For a lively — maybe too lively — atmosphere, grab a beer at Surf Club. It’s best when you can take advantage of the outdoor seating; the bar itself tends to get crowded. String lights are all over the place in this town, and Surf Club is no exception. On the weekends, it can get crowded and a little bro-y, but if that’s your vibe, it’s a great time. It’s also the local bar of choice for the not-so-local musical duo Sylvan Esso: Their album art comes from the mural on the outside wall.

Also worth a visit is Arcana, a hip cocktail bar inspired by tarot — you can even get your cards read. The menu features an extensive selection of herbs and liqueurs inspired by the occult, and the vibe is moody and intimate. You can sometimes catch live music at the space, as well as other, more occult events. Note that all the hotels mentioned above have bars that are great for cocktails; the ones at 21C are particularly good, and if you’re going solo, you can always have one of 21C’s iconic penguins (at the Durham location, they’re fuchsia) accompany you.

What to Do

The repurposed American Tobacco Campus (where cigarettes were produced until the late ’80s) is home to an artificial river of sorts. Photo: Courtesy of American Tobacco Campus

Take a stroll around the American Tobacco Campus, a former tobacco factory that now houses offices, apartments, restaurants, a gallery, and a theater and that partnered with the Full Frame documentary festival earlier this year. There’s a water feature, a remnant of the old factory, that runs through the campus, and it’s a pleasant place to meander through at any time of day. From there, you can walk to the Golden Belt, a onetime textile mill now repurposed as galleries, apartments, and event spaces and check out the local art scene.

The Duke Gardens (admission is free) are another great place for a walk. They take up 55 acres, so there’s probably more than you’ll be able to see on one visit, and feature four different gardens: the Historic Gardens, the Garden of Native Plants, the Asiatic Arboretum, and the Doris Duke Center Gardens. The Historic Gardens have a beautiful, Italian-style terraced garden, which features a wisteria-covered pergola, and there’s a pond with koi, goldfish, and, in the summer, water lilies. After you’re done wandering the Duke Gardens, you can walk over to the Nasher, Duke’s art museum. The collection spans 5,000 years of art history, so there’s something for everyone, and there are always a number of changing exhibitions. The sculpture in the front lawn of the museum changes annually; right now, it’s a monumental piece by German artist Katharina Grosse, who also did the spray-painted “Rockaway!” house in Fort Tilden last year.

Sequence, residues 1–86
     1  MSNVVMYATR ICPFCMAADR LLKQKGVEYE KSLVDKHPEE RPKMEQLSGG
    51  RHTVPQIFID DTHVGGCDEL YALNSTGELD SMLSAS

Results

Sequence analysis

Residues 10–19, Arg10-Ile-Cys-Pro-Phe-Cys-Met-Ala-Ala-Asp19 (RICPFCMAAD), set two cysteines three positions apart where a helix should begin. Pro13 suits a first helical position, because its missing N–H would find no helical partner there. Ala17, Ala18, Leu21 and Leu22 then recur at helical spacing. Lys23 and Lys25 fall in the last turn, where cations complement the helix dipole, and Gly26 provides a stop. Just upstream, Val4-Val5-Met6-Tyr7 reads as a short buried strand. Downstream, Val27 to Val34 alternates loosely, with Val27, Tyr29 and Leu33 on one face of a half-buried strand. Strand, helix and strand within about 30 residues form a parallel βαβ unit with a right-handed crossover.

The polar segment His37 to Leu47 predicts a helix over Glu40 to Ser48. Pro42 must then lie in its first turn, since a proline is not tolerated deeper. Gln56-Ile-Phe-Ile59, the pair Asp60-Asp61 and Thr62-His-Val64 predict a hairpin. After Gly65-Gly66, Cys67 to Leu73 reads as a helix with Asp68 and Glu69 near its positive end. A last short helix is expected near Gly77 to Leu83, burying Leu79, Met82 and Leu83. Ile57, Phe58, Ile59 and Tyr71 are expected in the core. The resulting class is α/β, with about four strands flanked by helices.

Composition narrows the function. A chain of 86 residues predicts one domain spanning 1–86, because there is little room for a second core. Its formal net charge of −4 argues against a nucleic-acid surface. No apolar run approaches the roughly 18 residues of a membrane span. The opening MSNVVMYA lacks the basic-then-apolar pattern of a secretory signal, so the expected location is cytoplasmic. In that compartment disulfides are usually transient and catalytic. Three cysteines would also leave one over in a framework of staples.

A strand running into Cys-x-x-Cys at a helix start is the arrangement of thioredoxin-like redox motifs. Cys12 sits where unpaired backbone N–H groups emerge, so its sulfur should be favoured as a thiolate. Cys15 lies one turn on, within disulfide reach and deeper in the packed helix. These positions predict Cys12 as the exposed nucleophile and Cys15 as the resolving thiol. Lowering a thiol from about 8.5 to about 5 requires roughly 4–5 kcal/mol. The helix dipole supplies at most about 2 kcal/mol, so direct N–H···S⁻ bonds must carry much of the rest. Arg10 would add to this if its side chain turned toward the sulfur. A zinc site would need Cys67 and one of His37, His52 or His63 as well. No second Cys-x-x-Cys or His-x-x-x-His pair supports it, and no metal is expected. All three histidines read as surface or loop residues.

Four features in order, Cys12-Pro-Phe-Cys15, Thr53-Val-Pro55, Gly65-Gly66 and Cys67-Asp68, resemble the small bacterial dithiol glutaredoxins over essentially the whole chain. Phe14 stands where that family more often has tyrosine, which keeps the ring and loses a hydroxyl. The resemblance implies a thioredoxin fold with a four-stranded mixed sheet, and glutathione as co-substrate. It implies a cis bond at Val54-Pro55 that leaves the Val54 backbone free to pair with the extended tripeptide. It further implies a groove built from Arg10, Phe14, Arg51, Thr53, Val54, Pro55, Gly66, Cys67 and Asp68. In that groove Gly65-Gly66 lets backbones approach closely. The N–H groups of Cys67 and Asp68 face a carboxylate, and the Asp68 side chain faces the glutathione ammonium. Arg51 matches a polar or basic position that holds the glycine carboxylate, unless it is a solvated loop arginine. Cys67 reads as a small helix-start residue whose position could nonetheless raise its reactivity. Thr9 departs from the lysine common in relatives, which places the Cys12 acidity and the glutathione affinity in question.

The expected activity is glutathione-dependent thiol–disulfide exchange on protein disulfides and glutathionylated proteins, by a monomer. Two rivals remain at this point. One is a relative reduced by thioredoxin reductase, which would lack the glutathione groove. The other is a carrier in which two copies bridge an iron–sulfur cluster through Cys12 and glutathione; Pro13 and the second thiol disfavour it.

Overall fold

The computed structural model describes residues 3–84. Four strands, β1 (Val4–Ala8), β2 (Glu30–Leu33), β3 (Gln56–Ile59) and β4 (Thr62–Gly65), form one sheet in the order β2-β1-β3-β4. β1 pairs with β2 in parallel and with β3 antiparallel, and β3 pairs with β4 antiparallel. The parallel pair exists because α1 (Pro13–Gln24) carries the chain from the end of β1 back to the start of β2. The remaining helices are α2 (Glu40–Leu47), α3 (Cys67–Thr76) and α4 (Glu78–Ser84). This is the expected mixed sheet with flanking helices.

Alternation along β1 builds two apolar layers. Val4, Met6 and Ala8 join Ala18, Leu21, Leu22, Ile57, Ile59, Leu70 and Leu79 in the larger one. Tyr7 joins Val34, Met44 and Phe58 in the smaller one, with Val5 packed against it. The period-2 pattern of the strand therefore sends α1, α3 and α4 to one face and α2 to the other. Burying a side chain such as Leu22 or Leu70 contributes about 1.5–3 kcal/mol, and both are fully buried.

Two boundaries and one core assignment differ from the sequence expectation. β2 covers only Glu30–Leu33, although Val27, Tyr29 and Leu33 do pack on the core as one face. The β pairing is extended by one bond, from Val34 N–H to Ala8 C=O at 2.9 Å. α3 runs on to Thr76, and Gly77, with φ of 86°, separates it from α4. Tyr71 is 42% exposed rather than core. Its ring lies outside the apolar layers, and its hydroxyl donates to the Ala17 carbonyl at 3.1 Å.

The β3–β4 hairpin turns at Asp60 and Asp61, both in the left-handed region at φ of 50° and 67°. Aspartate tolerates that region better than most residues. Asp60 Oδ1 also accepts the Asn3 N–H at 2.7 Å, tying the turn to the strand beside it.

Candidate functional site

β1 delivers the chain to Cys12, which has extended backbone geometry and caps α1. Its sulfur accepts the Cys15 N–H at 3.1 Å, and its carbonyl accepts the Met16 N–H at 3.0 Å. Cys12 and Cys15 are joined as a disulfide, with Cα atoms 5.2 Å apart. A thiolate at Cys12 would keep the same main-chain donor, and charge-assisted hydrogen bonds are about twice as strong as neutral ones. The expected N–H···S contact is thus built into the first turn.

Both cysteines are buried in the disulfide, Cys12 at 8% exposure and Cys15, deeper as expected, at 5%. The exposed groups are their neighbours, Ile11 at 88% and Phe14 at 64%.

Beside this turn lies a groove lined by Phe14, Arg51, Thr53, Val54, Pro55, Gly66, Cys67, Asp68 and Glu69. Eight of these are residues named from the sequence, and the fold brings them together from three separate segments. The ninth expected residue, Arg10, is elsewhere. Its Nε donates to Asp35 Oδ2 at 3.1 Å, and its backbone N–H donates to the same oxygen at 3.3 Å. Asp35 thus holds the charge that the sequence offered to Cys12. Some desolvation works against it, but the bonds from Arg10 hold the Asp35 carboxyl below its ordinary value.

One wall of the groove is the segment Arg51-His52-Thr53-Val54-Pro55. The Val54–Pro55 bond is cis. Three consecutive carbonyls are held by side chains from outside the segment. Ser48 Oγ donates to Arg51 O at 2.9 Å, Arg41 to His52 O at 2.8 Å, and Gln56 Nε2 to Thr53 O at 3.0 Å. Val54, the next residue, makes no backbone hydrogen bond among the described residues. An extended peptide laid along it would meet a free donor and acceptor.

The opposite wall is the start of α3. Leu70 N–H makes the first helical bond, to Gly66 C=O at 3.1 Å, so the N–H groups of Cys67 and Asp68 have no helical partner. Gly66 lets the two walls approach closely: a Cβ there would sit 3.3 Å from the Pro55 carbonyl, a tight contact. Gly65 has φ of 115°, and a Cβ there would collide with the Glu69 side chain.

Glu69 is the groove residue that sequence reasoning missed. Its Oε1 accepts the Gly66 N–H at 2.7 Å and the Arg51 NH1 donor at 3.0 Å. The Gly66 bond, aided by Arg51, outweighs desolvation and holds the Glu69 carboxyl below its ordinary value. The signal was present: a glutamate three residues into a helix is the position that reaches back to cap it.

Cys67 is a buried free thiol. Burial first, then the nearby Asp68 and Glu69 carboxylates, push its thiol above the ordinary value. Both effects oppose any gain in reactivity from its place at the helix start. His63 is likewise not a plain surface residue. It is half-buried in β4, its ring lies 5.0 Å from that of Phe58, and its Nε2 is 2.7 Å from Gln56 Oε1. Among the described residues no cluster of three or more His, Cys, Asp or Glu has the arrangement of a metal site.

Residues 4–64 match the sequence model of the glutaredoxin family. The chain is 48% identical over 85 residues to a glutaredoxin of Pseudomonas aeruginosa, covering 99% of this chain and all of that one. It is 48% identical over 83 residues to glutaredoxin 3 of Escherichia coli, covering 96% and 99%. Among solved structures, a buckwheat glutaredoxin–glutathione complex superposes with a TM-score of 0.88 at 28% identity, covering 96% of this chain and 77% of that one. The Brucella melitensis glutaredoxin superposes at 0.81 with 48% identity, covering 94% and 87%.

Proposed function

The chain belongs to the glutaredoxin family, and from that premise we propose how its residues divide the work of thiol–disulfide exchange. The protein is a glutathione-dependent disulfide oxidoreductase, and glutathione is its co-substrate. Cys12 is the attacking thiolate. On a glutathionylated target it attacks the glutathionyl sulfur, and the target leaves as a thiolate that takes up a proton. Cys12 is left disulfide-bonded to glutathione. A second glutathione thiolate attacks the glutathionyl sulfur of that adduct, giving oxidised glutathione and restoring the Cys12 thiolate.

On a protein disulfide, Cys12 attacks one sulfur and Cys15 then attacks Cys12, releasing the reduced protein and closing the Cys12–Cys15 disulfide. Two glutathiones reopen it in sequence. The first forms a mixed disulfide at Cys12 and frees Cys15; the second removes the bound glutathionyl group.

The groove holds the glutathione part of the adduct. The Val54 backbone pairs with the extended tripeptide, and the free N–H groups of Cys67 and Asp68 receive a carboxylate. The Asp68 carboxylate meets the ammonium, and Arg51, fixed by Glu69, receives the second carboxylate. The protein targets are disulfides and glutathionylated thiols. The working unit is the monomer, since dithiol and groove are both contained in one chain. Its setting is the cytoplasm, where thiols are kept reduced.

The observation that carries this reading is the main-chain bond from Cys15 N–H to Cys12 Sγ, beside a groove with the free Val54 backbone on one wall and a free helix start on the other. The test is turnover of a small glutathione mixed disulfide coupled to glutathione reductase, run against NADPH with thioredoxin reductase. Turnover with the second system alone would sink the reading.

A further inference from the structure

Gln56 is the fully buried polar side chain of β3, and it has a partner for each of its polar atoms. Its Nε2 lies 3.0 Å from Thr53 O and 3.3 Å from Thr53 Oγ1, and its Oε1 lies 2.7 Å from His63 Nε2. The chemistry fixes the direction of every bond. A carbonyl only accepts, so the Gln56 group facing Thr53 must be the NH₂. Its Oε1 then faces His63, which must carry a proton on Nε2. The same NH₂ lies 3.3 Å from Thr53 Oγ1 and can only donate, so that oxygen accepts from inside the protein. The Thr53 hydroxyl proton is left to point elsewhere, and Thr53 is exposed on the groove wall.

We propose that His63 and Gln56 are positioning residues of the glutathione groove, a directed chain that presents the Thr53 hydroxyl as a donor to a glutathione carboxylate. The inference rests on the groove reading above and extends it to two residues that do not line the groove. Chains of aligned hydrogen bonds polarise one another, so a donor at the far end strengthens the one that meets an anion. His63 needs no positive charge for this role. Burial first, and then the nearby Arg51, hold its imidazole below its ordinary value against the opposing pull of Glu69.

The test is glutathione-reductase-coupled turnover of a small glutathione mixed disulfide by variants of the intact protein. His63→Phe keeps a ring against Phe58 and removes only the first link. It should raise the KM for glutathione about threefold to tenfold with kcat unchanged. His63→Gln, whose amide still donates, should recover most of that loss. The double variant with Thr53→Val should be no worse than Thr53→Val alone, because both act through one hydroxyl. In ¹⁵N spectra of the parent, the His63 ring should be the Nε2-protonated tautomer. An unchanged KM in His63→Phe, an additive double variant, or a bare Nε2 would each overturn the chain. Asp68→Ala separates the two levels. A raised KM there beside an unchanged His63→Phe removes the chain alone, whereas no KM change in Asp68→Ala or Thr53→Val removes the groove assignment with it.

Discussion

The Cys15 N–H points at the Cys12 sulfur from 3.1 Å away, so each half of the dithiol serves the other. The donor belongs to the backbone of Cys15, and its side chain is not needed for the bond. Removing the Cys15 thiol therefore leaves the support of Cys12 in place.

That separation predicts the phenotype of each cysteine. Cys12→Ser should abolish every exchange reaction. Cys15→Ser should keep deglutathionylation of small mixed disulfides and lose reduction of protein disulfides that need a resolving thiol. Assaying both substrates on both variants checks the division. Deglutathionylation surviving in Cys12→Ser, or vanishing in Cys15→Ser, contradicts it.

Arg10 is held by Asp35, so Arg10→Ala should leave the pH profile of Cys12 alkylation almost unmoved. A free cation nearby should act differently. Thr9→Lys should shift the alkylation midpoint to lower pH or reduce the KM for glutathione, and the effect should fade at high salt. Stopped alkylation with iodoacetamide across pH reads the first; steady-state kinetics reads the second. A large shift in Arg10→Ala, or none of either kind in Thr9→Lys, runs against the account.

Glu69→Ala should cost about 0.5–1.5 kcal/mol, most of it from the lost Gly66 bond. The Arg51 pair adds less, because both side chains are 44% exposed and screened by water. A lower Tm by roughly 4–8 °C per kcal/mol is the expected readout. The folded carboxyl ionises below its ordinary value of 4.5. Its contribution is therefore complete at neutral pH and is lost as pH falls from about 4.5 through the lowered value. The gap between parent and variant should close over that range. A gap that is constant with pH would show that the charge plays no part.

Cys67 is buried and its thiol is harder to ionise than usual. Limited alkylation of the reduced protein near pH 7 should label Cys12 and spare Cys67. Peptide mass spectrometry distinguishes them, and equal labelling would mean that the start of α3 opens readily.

The local-music scene in Durham is thriving, and there are plenty of places to catch a show. You can hear anything from darkwave synth to acoustic sets at Arcana, mentioned above. Meanwhile, The Pinhook is at the heart of Durham’s queer scene, hosting drag shows and live music as well as dance parties. The music is loud and the atmosphere is friendly and it’s located right downtown. To catch major acts like Guided by Voices or Blitzen Trapper, swing by Motorco, a roomy music venue that has an extensive menu, inspired by global street food. And Motorco has a great Monday drink special — $2 PBR and $3 wells. Doesn’t that make you want to get out of New York already?

Expert Tips

The café Cocoa Cinnamon, like Monuts, is certified by the City of Durham’s Living Wage project. Photo: Courtesy of Cocoa Cinnamon

It’s not too hard to get around Durham without a car, but it is just hard enough. If you’re going by foot, most of these spots listed are downtown, but there’s also a free shuttle bus, the Bull City Connector, which runs between Duke University and the Golden Belt hub. Along the route are the Duke Gardens, the cute Ninth Street shopping district, the American Tobacco Campus, and the Durham Central Park, home to the farmer’s market, a skate park, and a great place to watch dogs.

If you’ve got some leisure time, or just want a cold brew, drop by Cocoa Cinnamon, Durham’s favorite coffee shop. It’s got two locations, both with indoor and outdoor seating. The vibe is friendly and conducive to working or just hanging out; the Hillsborough Road location is slightly more spacious and closer to Duke’s campus, while the West Geer location has more of an indie vibe.

Finally, if you’re trying to get into some nature — but not too much nature — drive out to the Eno for a swim at Turtle Hole. You’ll enter at Little West Point on the Eno, where there’s also parking, and it’s a very short half-mile hike on a wide path to the swimming hole. The water is deep, cool, and fresh; there’s lots of fun currents and little falls to splash in; and there are always plenty of families and groups of friends hanging out.

Why to Visit Durham, Even If You’re Not Meeting an Old Flame